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Thurgood Marshall

Lies My Corporate Ed Reformers Told Me: The Truth About Teacher Tenure and the Civil Rights Movement

Yohuru Williams | Posted 09.12.2014 | Education
Yohuru Williams

When so called "reformers" like Campbell Brown try to make the case that tenure extends teachers an unfair guarantee of employment unlike other public servants, she is more than stretching the truth.

Teeter-Tottering

Janus Adams | Posted 07.22.2014 | Black Voices
Janus Adams

Two anniversaries this month, taken together, signal the teeter-totter ride of a nation straddling our passion for justice and penchant for everything but.

As We Celebrate Brown vs. BOE, Let's Remember Mendez vs. Westminster

Jose Antonio Tijerino | Posted 07.16.2014 | Education
Jose Antonio Tijerino

As we all celebrate the 60th Anniversary of the historic Brown vs. Board of Education case which changed America going forward, I made a point of asking friends, acquaintances and even some strangers if they were aware of the Mendez vs. Westminster case.

LOOK: The Iconic Photos Taken After The Brown v. Board Of Education Decision

The Huffington Post | Jessica Dickerson | Posted 05.16.2014 | Black Voices

The 1954 Supreme Court case of Brown v. Board of Education of Topeka turned one man's fight for his daughter's right to attend school into a crusade f...

David and Goliath: A Blueprint for Reforming American Education?

Curtis Valentine | Posted 05.27.2014 | Education
Curtis Valentine

The frustration surrounding America's inability to "fix" our education system to outperform the world highlights what Gladwell calls "the limits of power."

Living Legacies: The Children Of Iconic Black Leaders And Entertainers

Posted 03.01.2014 | Black Voices

During Black History Month, we often reflect on the achievements of black Civil Rights icons and activists. Although the month has come to a close, ea...

Why Snowden's Passport Matters

Norman Solomon | Posted 12.23.2013 | Politics
Norman Solomon

Cancelation of the passport wasn't just an effort to prevent the whistleblower from getting to a country that might grant political asylum. It was also a declaration that the U.S. government can nullify the right to travel just as surely as it can nullify the right to privacy.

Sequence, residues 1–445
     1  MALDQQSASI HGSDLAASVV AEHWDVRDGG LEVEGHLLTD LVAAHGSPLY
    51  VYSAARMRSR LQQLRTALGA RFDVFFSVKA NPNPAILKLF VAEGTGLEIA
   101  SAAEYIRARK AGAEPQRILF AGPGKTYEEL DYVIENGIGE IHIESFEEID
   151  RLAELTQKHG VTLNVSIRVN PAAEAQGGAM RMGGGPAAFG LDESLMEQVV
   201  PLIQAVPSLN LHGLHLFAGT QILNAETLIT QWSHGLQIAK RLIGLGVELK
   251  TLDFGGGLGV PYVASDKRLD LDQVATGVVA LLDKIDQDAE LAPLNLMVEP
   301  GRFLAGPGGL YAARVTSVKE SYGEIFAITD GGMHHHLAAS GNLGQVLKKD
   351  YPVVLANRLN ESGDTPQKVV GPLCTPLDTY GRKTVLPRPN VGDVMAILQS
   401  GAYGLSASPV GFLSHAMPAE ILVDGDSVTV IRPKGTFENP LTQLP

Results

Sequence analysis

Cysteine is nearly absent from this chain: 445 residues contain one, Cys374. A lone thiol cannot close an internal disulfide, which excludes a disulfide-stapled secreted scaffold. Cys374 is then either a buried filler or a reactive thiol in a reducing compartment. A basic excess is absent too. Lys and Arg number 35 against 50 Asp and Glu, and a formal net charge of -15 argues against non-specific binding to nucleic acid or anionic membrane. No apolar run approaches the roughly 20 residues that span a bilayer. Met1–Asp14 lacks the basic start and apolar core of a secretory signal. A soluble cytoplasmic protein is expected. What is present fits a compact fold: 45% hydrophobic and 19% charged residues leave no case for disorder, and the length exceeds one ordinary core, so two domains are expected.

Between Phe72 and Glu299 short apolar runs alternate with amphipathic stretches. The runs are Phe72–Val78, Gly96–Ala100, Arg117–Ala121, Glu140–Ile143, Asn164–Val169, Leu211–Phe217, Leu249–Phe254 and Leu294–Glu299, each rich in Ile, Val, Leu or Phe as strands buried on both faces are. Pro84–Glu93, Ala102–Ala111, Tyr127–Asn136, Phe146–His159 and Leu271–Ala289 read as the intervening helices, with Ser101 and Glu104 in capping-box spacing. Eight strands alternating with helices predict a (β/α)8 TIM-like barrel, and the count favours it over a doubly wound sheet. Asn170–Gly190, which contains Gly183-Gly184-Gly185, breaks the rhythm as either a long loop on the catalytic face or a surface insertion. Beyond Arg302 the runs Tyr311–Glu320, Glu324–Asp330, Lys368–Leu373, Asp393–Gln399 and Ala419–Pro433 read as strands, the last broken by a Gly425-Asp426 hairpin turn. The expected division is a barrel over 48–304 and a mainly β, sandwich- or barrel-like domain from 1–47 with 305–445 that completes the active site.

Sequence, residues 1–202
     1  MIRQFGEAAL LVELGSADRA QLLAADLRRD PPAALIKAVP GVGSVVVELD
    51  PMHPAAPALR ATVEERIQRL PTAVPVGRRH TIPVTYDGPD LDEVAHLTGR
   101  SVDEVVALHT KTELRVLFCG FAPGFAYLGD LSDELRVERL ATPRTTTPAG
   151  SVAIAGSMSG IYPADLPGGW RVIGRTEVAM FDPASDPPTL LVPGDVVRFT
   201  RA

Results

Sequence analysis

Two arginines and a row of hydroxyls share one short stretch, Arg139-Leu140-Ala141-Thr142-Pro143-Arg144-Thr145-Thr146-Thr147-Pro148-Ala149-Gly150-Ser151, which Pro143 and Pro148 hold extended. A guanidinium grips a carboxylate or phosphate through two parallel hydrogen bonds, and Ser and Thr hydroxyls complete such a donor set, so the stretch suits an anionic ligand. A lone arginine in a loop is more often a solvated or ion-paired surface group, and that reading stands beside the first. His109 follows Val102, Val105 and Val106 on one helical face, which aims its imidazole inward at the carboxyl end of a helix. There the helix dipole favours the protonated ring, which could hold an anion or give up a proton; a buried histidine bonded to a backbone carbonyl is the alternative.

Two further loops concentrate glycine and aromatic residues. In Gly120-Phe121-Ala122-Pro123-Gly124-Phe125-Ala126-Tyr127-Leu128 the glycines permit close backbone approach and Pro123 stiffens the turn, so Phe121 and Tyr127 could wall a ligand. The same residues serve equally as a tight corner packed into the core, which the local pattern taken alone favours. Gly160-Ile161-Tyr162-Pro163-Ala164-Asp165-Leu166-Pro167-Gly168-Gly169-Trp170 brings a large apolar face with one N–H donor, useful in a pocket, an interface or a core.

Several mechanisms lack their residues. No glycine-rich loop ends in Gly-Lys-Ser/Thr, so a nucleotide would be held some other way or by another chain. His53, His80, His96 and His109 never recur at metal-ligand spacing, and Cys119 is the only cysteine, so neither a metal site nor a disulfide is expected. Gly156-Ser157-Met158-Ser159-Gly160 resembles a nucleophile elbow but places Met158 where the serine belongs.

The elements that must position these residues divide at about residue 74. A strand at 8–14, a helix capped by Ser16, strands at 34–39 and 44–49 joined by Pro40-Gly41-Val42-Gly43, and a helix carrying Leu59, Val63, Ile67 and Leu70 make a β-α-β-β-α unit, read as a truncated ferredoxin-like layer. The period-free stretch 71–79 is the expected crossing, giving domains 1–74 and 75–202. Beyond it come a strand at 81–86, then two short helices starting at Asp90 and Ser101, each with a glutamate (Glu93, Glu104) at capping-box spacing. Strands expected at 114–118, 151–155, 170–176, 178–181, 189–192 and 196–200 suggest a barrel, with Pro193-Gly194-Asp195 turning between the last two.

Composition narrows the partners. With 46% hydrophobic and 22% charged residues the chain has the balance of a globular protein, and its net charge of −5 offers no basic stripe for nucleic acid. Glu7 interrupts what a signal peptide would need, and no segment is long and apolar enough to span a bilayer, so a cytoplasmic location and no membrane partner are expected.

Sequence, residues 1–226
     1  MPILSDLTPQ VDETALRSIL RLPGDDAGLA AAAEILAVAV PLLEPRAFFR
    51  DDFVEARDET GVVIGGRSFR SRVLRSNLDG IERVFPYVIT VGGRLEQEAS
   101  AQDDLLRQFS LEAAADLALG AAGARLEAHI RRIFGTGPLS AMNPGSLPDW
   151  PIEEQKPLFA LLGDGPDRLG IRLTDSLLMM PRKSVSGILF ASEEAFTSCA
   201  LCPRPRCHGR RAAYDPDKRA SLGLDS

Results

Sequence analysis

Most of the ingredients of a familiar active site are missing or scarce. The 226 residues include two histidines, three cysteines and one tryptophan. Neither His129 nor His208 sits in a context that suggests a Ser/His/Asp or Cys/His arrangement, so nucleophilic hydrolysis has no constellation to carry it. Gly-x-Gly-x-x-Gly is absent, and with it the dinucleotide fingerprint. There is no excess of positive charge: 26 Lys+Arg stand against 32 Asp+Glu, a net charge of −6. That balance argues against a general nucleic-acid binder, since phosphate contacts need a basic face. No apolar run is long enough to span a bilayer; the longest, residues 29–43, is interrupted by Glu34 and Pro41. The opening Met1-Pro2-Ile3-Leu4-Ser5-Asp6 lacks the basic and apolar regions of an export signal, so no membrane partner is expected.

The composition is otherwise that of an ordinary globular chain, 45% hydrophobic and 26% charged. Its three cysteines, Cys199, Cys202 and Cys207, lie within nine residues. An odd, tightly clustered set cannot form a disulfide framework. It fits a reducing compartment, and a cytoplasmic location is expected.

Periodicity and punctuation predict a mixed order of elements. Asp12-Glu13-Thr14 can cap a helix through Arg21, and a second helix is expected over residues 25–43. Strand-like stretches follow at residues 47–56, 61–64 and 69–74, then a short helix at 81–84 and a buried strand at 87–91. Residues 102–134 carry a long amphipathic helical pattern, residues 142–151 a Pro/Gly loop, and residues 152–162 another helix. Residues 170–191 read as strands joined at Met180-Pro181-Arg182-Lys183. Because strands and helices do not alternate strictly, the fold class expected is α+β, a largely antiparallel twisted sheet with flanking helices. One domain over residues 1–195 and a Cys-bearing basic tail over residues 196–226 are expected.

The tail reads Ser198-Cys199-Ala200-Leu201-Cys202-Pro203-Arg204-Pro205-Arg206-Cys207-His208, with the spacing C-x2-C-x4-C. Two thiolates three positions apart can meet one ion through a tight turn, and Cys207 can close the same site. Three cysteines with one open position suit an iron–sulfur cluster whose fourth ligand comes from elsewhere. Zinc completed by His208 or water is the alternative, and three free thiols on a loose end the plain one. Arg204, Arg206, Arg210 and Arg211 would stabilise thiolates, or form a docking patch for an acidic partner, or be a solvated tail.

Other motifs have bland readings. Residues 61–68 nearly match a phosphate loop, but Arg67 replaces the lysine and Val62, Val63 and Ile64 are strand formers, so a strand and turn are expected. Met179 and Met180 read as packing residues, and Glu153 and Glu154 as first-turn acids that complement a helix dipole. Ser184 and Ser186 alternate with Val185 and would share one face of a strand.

46 Years Ago: Thurgood Marshall Sworn In Becoming First African American Supreme Court Justice

Posted 10.02.2013 | Black Voices

On this day in 1967, Thurgood Marshall was sworn into the United States Supreme Court, making him the first African American to hold one of the presti...

First Nighter: In "Arguendo" Elevator Repair Service Makes a Good Argument for Unbridled Enjoyment

David Finkle | Posted 11.25.2013 | Arts
David Finkle

Although I can't say I followed everyone of the ins and outs of Elevator Repair Service's Arguendo, at the Public, I had great fun trying to. That's ...

Voting Rights Activist Dies At 99

AP | Posted 09.30.2013 | Politics

BOSTON — Lillian Bonner Sutson, a little-known civil rights activist whose attempts to register as a voter in South Carolina set a precedent in ...

Mexicans Ain't White: The Gus Garcia Story

Tony_Diaz | Posted 09.17.2013 | Latino Voices
Tony_Diaz

What evidence did he present, which metaphors did he use, which rhetorical strategies did he utilize for his legal argument that swayed the United States Supreme Court to finally recognize us and ensure that we would be granted all the rights and privileges guaranteed by the Constitution?

50 Years After Birmingham, Injustice Is Still Here

John W. Whitehead | Posted 06.29.2013 | Politics
John W. Whitehead

Clearly, violence is also not the answer, neither on the government's part nor on the part of disgruntled citizens. Violence only leads to more violence. So where does this leave us?

LOOK: Black History Photo Of The Day

Posted 02.05.2013 | Black Voices

A picture is certainly worth a thousand words. And what better way to celebrate Black History Month than by taking a moment to acknowledge the snapsho...